If you have more questions, I'll try and help.

Good Luck!

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Gissert

Walter -

The range was 30 feet. Not yards, feet, LOL.

The other two animals I have shot out there were 155 and 120 yards.

Your chance of drawing as a group depends on what zone you choose. Some zones never fill up and have left over tags. Some zones will take a dozen years to get drawn. This information is available on the Colorado DOW website. There is a wealth of harvest info per zone and season.

Be prepared to go home empty your first few times, or get a mulie tag and hunt deer the first time or two while you learn. Avoid areas that have been grazed by sheep that fall. This really moves the elk and deer out.

I would expect a success rate of 10% to be about average. Some zones are better that others, as are season choices. The success ratios can also be found on the DOW site as well. Personally, I have taken three animals in five trips. Luck has a great deal to do with this, as does going with an experienced group and learning the ropes from them.

Ours is public land hunting, for sure, but we put others to good use. The cow this year was a result of taking advantage of other hunters moving critters. Get up early, and sit on a likly escape route. You will run into other hunters, but I don't view this as a negative in most cases. Often times, outfitters will scare animals out of stuff that can't be accessed by regular joes, and they will run right up you area.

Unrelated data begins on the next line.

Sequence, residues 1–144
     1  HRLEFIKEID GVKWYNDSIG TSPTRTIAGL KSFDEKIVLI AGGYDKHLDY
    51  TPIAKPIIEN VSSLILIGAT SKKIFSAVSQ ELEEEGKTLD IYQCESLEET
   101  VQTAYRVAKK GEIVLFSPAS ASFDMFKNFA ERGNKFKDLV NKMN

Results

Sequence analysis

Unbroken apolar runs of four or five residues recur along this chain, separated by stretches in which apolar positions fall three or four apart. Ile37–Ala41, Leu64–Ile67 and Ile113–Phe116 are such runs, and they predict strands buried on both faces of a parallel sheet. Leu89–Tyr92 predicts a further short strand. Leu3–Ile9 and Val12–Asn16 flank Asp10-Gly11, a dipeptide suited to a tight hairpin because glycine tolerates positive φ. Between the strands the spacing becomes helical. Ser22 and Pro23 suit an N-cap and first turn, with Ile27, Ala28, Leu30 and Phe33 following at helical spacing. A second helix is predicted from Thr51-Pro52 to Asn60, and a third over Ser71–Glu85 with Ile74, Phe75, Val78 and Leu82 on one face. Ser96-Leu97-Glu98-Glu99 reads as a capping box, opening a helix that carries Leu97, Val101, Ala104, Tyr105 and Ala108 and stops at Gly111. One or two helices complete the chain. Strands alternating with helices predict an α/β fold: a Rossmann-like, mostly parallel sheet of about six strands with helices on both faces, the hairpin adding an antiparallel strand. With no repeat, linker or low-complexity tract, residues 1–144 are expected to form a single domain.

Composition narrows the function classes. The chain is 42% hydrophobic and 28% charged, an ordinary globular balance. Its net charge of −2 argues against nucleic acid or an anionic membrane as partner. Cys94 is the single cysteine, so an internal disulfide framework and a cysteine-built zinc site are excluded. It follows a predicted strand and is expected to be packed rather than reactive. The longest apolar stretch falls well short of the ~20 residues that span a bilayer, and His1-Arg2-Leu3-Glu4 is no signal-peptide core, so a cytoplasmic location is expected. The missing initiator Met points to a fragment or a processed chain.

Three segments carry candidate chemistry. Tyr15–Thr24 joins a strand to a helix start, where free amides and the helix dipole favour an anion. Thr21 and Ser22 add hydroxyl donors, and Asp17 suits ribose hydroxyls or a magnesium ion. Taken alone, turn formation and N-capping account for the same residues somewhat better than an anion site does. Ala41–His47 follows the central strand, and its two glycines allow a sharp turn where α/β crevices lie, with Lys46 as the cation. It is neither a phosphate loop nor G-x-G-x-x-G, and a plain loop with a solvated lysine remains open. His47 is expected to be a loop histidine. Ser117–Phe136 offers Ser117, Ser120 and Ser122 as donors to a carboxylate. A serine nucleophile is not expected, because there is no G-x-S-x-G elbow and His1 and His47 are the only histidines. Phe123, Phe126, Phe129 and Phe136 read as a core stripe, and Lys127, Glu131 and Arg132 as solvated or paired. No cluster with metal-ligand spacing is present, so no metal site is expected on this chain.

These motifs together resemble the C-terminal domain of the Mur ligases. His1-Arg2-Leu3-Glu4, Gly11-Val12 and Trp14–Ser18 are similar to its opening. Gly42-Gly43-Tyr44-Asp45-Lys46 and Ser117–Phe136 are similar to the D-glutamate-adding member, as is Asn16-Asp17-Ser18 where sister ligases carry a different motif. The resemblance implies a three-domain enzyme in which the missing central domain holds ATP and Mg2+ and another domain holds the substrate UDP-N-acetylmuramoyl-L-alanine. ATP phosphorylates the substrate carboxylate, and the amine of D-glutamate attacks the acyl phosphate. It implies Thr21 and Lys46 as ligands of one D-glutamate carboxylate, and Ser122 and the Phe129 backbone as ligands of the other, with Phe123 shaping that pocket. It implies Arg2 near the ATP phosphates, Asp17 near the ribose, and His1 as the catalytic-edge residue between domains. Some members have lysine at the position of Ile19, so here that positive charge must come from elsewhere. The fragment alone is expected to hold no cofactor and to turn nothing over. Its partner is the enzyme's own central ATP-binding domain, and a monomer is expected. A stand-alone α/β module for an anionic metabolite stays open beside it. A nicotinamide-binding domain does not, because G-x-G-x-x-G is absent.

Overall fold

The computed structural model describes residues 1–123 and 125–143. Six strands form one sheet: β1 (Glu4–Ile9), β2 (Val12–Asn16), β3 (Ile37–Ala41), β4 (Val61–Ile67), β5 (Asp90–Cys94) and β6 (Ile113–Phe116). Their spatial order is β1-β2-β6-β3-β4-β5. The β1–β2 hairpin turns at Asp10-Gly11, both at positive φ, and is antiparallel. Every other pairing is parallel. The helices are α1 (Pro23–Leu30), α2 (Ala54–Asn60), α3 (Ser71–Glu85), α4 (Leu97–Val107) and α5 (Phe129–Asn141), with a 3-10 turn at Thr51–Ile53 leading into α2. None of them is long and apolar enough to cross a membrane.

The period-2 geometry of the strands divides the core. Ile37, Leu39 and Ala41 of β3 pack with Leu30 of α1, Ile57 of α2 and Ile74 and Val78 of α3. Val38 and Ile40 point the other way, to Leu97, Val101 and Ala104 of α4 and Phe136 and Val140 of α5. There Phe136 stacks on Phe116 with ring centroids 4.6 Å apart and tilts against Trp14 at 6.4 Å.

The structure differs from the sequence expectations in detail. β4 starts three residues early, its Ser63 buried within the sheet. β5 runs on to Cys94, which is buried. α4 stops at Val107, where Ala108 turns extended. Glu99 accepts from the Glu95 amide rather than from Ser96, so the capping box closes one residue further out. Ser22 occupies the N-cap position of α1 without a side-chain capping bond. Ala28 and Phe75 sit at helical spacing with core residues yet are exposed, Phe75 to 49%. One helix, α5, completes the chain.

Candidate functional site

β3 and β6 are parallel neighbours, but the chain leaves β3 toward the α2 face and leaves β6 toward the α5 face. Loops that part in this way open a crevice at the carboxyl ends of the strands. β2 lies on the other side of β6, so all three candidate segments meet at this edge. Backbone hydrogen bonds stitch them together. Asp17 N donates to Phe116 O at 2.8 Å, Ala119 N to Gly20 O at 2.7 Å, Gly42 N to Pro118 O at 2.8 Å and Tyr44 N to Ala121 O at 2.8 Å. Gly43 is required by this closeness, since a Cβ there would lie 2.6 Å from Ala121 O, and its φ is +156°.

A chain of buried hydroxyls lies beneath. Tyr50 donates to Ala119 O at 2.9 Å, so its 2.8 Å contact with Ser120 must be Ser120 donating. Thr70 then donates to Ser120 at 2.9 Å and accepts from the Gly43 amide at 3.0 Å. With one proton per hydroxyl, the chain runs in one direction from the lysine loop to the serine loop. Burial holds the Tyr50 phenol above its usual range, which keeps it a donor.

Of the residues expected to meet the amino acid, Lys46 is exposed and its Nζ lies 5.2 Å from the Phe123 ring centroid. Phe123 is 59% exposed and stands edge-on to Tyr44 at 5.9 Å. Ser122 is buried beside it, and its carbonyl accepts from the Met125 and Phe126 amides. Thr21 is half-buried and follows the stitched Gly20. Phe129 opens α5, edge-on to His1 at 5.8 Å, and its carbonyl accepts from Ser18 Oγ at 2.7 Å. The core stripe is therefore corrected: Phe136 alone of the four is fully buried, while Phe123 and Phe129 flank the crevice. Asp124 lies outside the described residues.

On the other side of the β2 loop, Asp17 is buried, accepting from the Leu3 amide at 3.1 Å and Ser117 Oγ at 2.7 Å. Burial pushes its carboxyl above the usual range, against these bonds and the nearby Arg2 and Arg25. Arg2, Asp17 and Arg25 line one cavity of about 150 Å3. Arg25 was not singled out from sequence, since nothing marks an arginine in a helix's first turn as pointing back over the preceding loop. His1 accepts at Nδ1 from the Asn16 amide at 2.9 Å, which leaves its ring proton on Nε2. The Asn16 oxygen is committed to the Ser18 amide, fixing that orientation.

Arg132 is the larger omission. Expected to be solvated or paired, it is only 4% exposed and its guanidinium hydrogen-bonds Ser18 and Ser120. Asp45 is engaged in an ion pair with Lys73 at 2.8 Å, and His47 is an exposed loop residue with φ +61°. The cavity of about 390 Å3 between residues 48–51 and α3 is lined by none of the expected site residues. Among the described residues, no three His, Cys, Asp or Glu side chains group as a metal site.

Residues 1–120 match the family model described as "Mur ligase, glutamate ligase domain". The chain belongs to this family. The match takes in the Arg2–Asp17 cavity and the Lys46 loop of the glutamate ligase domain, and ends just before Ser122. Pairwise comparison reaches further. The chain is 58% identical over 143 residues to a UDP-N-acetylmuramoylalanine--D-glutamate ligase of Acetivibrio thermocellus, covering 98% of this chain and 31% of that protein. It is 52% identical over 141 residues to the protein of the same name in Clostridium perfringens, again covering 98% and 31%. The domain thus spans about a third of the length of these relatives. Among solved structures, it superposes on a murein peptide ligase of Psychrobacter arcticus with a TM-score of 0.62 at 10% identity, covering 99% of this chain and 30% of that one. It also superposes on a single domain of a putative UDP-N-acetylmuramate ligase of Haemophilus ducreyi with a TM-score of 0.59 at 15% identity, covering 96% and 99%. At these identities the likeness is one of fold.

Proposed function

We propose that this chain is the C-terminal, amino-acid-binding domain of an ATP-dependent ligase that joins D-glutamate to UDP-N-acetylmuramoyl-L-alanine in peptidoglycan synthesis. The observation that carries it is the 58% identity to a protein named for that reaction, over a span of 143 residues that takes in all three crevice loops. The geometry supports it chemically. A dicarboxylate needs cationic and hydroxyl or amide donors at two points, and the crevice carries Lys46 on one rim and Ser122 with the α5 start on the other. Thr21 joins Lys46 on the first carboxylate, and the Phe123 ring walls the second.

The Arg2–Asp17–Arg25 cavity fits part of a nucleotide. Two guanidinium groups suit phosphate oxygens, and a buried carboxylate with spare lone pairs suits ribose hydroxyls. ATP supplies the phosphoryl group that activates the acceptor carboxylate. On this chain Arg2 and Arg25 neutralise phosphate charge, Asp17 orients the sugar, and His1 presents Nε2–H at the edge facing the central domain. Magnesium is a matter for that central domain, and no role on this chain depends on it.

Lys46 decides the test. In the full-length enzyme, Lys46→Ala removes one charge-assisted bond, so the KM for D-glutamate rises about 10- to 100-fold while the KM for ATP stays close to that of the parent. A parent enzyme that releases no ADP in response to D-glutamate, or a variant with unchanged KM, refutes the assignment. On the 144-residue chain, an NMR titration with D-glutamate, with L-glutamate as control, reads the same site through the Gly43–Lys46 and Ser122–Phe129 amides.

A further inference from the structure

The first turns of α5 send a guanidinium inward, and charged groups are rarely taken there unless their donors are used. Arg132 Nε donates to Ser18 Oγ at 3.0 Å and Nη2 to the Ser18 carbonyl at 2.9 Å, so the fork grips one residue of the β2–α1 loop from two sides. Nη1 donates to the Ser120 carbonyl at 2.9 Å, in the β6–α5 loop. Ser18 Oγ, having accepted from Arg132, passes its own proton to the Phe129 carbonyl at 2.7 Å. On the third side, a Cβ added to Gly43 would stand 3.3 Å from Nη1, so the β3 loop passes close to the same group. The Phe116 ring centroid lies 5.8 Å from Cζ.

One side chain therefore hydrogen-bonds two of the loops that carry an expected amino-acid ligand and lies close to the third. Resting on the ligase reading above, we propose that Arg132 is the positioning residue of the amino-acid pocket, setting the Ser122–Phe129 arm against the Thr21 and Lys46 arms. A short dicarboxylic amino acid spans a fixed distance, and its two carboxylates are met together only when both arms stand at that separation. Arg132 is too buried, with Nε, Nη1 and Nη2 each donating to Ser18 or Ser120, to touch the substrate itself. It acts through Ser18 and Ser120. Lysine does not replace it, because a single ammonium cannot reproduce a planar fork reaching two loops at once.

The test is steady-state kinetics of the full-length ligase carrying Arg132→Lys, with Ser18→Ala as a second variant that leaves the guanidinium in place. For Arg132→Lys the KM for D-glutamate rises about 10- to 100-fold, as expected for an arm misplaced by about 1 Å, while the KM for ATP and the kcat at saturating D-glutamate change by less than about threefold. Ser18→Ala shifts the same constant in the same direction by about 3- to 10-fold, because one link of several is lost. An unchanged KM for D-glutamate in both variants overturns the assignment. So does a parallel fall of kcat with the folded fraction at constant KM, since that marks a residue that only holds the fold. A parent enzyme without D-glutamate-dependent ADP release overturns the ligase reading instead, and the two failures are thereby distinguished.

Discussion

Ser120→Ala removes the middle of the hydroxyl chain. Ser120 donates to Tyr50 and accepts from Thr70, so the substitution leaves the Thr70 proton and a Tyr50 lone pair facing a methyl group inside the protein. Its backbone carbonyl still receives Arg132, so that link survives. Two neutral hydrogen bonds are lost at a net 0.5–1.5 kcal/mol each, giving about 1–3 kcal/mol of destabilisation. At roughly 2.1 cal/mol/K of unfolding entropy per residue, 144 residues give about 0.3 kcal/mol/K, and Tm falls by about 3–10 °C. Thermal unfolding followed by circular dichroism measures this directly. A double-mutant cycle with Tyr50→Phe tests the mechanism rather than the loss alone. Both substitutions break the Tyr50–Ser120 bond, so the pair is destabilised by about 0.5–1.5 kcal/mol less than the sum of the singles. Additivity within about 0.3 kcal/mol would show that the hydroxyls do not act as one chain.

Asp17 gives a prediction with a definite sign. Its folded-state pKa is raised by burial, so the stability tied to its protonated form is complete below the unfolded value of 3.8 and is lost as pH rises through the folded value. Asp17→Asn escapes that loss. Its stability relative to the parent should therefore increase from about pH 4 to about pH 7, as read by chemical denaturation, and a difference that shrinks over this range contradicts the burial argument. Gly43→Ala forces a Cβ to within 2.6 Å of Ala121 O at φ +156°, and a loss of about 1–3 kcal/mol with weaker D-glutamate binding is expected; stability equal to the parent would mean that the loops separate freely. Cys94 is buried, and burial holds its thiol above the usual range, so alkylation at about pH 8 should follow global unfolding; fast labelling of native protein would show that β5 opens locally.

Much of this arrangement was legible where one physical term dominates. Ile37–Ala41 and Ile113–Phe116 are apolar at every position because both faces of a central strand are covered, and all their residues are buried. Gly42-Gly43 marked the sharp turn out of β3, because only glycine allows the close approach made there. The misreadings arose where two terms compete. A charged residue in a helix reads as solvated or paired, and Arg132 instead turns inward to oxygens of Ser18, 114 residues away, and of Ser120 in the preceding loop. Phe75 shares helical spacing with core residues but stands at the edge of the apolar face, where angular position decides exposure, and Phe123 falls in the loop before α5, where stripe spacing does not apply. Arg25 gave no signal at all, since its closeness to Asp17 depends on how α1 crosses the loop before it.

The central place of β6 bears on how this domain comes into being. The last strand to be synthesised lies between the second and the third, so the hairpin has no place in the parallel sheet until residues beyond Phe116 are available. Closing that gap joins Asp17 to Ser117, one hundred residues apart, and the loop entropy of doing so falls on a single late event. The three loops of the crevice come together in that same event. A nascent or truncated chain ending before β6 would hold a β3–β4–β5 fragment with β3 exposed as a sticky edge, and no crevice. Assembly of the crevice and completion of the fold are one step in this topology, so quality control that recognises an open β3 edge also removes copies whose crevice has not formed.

A range finder is a great idea. Distances can be tough to judge on up and down hill views. I would not use it to judge the range to an animal, there will probably not enough time. Range a rock, a tree, etc so you know the perimiter that you feel you can accurately shoot.

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wallter

Congrats on the cow. How far of a shot?

If I were to put together a group could we all expect to buy/put in for tags or do some guys not get drawn?

What is your success rate (%)?

If you can't tell, I've hunted public land in MN and am nervous. Are you constantly bumping into people?

Do you use a rangefinder? What distances will my rangefinder need to work at?

wallter


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wallter

Gissert,
I owe you big time!

Can you suggest a GOOD map for public land?
Which websites do you recommend (Colorado DNR?)?

You mentioned starting with mulies. I assume mulies and elk travel the same terrain? Can I buy both licences?

Which zones do you recommend?
Any suggestions for books, video, mags, etc. or any other resources?

Thanks a ton I truely do appreciate the info.

wallter

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Gissert

Walter -

The Colorado DNR is the site I am talking about. There is excellent information there.

I happen to hunt area 34.

Deer and elk share terratories, but the deer work edges similar to white tails, and elk often get into the tangly stuff. You can buy tags for both at the same time.

Any USGS topo map is fine. If you are in the twin Cities area, check out Latitudes in St. Louis Park. They have them in stock.